Dana Point, California—On the surface, it can appear as though the Ocean Institute in Dana Point, California, has no financial worries. After all, their main function is to host the 110,000 K-12 students who visit the institute on field trips every year.
In fact, the field trips don't begin to cover the costs of keeping up the facilities, caring for the animals, and developing the sixty-one programs centered around marine science, environmental education, and maritime history.
Susan Hoover Miller was recruited by the staff at the Ocean Institute because of her expertise in major gifts, something the organization needed. She arrived just as the organization was about to adopt the Benevon Model, and immediately embraced it.
It didn't take Miller long to recognize a concern. Though the staff, board members, and volunteers were passionate about the work they were doing, they lacked a collective focus.
"When you asked one staff member what we do, you would hear one answer, when you asked another, you would hear a different answer," Miller says.
In addition, the special events fundraising method they were using wasn't successfully connecting donors to the mission of the Ocean Institute.
"We had people coming to events that had major gift ability but they would just drift away. There was rarely an opportunity to build a relationship and ask for major gifts," she says. "The potential to develop and grow a donor base through the Benevon Model was very exciting to me."
Since implementing the Benevon Model, Miller has seen improvement in both the sense of teamwork among employees, board members, and volunteers of the institute, and in their collective ability to form relationships with donors.
"The Benevon training doesn't just invite, they actually require, board members' involvement," she says. "We all hear the same message at the same time. We are all on the same page working as a team, and that can move us forward better than anything else."
Staff, volunteers, and board members at the Ocean Institute are now working together to bring as many people as they can into the organization through its Points of Entry, Ask Events, and Free Feel-Good Cultivation Events.
The team also has a focused approach for interacting and building relationships with donors, rather than letting them "drift away" as they once did. Miller says they rely on their three "buckets" of "education, inspiration, and stewardship" to connect with people.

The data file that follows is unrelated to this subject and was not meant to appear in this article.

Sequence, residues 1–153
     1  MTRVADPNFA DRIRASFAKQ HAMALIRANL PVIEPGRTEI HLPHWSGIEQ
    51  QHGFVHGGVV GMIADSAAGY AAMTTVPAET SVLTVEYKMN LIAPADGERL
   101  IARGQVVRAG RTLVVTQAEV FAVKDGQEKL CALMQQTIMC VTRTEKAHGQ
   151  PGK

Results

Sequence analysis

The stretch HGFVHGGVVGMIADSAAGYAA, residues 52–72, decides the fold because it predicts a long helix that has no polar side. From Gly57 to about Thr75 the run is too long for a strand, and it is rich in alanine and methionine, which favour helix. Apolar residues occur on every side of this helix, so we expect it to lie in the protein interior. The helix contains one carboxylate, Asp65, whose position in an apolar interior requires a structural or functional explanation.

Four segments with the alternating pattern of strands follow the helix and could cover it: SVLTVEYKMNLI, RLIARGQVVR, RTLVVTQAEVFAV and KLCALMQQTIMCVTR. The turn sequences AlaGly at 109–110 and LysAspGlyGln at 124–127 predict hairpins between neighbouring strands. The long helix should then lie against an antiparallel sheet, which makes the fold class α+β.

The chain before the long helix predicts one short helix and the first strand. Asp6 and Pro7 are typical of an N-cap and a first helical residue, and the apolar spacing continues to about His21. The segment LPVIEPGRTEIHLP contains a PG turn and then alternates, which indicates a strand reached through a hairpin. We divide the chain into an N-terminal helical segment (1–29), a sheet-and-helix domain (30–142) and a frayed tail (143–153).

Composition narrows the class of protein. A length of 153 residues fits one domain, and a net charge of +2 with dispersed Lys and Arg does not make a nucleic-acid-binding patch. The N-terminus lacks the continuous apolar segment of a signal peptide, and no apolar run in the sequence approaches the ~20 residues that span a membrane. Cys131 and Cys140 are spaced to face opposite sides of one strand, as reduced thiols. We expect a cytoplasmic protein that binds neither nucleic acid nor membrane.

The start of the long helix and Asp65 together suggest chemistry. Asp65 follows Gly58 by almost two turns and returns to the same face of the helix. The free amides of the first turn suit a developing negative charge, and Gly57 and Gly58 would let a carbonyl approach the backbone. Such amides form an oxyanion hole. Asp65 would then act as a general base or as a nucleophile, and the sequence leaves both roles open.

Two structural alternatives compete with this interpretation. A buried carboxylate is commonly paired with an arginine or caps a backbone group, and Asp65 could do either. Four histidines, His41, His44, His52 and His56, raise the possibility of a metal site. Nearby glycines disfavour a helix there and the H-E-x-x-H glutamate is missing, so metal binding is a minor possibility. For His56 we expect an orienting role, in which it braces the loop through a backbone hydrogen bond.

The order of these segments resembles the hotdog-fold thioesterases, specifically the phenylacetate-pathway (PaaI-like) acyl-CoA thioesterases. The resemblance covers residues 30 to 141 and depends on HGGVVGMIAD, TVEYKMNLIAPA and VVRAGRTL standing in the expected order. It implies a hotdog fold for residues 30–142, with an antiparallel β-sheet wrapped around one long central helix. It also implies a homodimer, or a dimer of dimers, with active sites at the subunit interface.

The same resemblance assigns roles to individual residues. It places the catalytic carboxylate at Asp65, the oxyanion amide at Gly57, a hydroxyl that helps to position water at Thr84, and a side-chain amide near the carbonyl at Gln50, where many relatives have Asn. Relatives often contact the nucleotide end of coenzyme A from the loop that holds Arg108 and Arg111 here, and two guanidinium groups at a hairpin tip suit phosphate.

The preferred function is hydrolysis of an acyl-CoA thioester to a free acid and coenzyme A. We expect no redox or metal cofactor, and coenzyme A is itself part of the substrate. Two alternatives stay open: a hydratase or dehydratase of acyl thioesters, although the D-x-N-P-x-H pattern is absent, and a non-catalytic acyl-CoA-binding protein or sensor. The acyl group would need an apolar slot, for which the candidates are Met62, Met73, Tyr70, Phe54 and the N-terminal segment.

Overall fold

One item from the inspiration bucket that she and her team frequently share with donors is the story of a group of fifth graders who came to the institute for a program. They learned about watersheds in their geographic area—how anything that goes down a drain eventually ends up in the ocean. These young people immediately connected to that lesson, and started passing it on to their neighbors. They created a presentation on the subject and were selected to receive an award, given by their city council—an award normally reserved for students at the college level.
"Those fifth graders learned that we can all make a difference," Miller says. "When we share this story, we are appealing to people's hearts. The tendency is to talk about our facilities, but it's the stories that really connect to people's hearts. That's what's going to keep them coming back, not the statistics."
The Ocean Institute is in the final phase of a $4 million capital campaign to create their new Seaside Learning Center, which will have a 300-foot science dock and a 100-foot historic maritime pier. Miller says that her team is continuing to work towards building a major gift program to ensure a higher level of sustainability with their annual fund.
"There is so much potential within this organization," Miller says. "Benevon will be key to reaching that potential."
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